Bookstore wins a hubbie
Almost a year ago now the BCIT Bookstore let Web Services know that the e-commerce application they used to manage their online sales was upgrading and asked if we’d like to help skin the new site. The department was pretty busy at the time and my manager said we didn’t have time to help out but put them in contact with me so I could direct them to the style guide and technical guidelines.
I had a look at the application and decided we could do better than that so I asked my manager if I could do some follow up and he said it was okay as long as it didn’t interfere with my other work.
I met with the Bookstore intending only to talk about the web app but ended up talking about their static store front just as much. Because of the way their inventory and software work they have not one but three online stores and they have trouble communicating the difference to their customers. They also felt like some of their most important information, like their return policy, was buried.
Skinning the e-commerce sites was relatively easy. The new version of the application was set up logically with good CSS tags and lots of includes. Not only that, the default layout was very easy to transform into the existing template I wanted to mimic.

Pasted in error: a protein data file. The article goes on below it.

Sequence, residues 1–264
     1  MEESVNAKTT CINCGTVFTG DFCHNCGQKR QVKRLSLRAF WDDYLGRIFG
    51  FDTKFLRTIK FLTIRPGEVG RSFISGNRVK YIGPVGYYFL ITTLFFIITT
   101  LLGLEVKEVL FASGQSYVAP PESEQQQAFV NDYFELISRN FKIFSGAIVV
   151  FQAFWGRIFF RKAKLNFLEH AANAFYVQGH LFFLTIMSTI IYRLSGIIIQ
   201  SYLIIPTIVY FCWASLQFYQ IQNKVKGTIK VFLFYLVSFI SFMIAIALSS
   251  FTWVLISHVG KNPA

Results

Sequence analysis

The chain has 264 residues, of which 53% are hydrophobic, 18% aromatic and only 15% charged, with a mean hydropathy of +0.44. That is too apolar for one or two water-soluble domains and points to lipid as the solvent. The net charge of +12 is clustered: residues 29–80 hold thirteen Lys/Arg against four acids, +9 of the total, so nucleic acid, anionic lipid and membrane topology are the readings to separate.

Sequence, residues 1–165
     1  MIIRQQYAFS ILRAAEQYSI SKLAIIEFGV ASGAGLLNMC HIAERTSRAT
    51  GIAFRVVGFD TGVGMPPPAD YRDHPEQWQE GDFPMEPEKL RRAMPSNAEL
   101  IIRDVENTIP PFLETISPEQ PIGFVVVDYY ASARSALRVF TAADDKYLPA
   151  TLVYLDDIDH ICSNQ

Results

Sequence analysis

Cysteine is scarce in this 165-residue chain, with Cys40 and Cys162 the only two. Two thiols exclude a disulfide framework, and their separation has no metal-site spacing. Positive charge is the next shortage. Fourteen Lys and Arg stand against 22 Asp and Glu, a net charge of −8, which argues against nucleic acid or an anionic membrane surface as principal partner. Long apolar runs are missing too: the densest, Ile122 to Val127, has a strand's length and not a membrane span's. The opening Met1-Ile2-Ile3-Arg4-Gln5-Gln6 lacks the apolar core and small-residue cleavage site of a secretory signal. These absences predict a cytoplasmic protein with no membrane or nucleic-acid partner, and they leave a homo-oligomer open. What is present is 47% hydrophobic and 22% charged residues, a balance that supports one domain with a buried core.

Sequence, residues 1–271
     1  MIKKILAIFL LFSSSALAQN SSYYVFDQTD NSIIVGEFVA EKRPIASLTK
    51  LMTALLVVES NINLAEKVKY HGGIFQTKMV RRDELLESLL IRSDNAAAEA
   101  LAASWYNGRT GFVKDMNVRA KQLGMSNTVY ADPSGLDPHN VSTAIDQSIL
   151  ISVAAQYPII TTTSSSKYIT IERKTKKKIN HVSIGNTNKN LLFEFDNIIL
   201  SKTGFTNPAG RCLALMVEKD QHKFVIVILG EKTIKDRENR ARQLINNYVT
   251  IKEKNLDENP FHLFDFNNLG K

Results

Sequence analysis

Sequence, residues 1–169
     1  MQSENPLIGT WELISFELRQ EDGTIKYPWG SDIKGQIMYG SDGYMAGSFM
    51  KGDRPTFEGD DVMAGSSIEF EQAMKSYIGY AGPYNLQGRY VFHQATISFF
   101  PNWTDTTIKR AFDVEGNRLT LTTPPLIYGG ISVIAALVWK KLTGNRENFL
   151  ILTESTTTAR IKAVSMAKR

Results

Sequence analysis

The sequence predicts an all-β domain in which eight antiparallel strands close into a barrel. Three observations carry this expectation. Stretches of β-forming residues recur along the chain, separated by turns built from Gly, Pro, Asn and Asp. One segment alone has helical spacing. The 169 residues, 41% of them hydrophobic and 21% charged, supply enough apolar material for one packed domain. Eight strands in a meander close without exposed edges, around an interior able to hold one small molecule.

For the static store front I made some changes to the left navigation based on the most desired pages, created three clear calls to action, placed the catch all action at the bottom of the list instead of the top of the list of options, and separated the two unrelated messages contained in the single page block on the right.
I worked off the side of my desk for a few months on it, meeting with the bookstore a few times, and when I was done they were happy enough with the results to email my manager and thank me in the Campus Update newsletter!
My manger called me into his office to talk about it and I thought, “Uh-oh, what if he’s upset I spent so much time working on this?” But I worried unnecessarily since he proceeded to tell me how it was good interaction design :)
Campus Hub, the third party company who hosts the actual stores liked it so much they’ve been directing people who want to skin their stores to talk to me for advice, and to top it all off, they awarded the store with a “Hubbie” for usability.